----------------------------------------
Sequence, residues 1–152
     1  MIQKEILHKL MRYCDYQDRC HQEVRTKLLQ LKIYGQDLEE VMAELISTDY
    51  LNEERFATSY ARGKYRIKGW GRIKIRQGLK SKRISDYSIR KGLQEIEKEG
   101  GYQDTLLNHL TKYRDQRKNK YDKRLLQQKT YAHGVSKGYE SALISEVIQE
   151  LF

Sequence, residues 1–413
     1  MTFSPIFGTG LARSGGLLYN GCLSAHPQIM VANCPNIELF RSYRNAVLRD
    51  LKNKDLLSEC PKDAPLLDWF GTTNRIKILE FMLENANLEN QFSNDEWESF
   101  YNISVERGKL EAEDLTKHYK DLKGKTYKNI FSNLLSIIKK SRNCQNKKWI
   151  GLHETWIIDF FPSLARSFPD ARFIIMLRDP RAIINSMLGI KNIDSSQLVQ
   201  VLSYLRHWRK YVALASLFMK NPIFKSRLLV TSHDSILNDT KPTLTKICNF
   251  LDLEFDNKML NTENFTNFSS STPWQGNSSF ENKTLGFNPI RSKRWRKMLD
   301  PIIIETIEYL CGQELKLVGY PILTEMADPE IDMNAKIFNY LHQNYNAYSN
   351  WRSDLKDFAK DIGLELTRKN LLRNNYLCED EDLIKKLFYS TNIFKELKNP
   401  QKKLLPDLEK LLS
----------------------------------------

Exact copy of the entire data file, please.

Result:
Sequence, residues 1–152
     1  MIQKEILHKL MRYCDYQDRC HQEVRTKLLQ LKIYGQDLEE VMAELISTDY
    51  LNEERFATSY ARGKYRIKGW GRIKIRQGLK SKRISDYSIR KGLQEIEKEG
   101  GYQDTLLNHL TKYRDQRKNK YDKRLLQQKT YAHGVSKGYE SALISEVIQE
   151  LF

Sequence, residues 1–413
     1  MTFSPIFGTG LARSGGLLYN GCLSAHPQIM VANCPNIELF RSYRNAVLRD
    51  LKNKDLLSEC PKDAPLLDWF GTTNRIKILE FMLENANLEN QFSNDEWESF
   101  YNISVERGKL EAEDLTKHYK DLKGKTYKNI FSNLLSIIKK SRNCQNKKWI
   151  GLHETWIIDF FPSLARSFPD ARFIIMLRDP RAIINSMLGI KNIDSSQLVQ
   201  VLSYLRHWRK YVALASLFMK NPIFKSRLLV TSHDSILNDT KPTLTKICNF
   251  LDLEFDNKML NTENFTNFSS STPWQGNSSF ENKTLGFNPI RSKRWRKMLD
   301  PIIIETIEYL CGQELKLVGY PILTEMADPE IDMNAKIFNY LHQNYNAYSN
   351  WRSDLKDFAK DIGLELTRKN LLRNNYLCED EDLIKKLFYS TNIFKELKNP
   401  QKKLLPDLEK LLS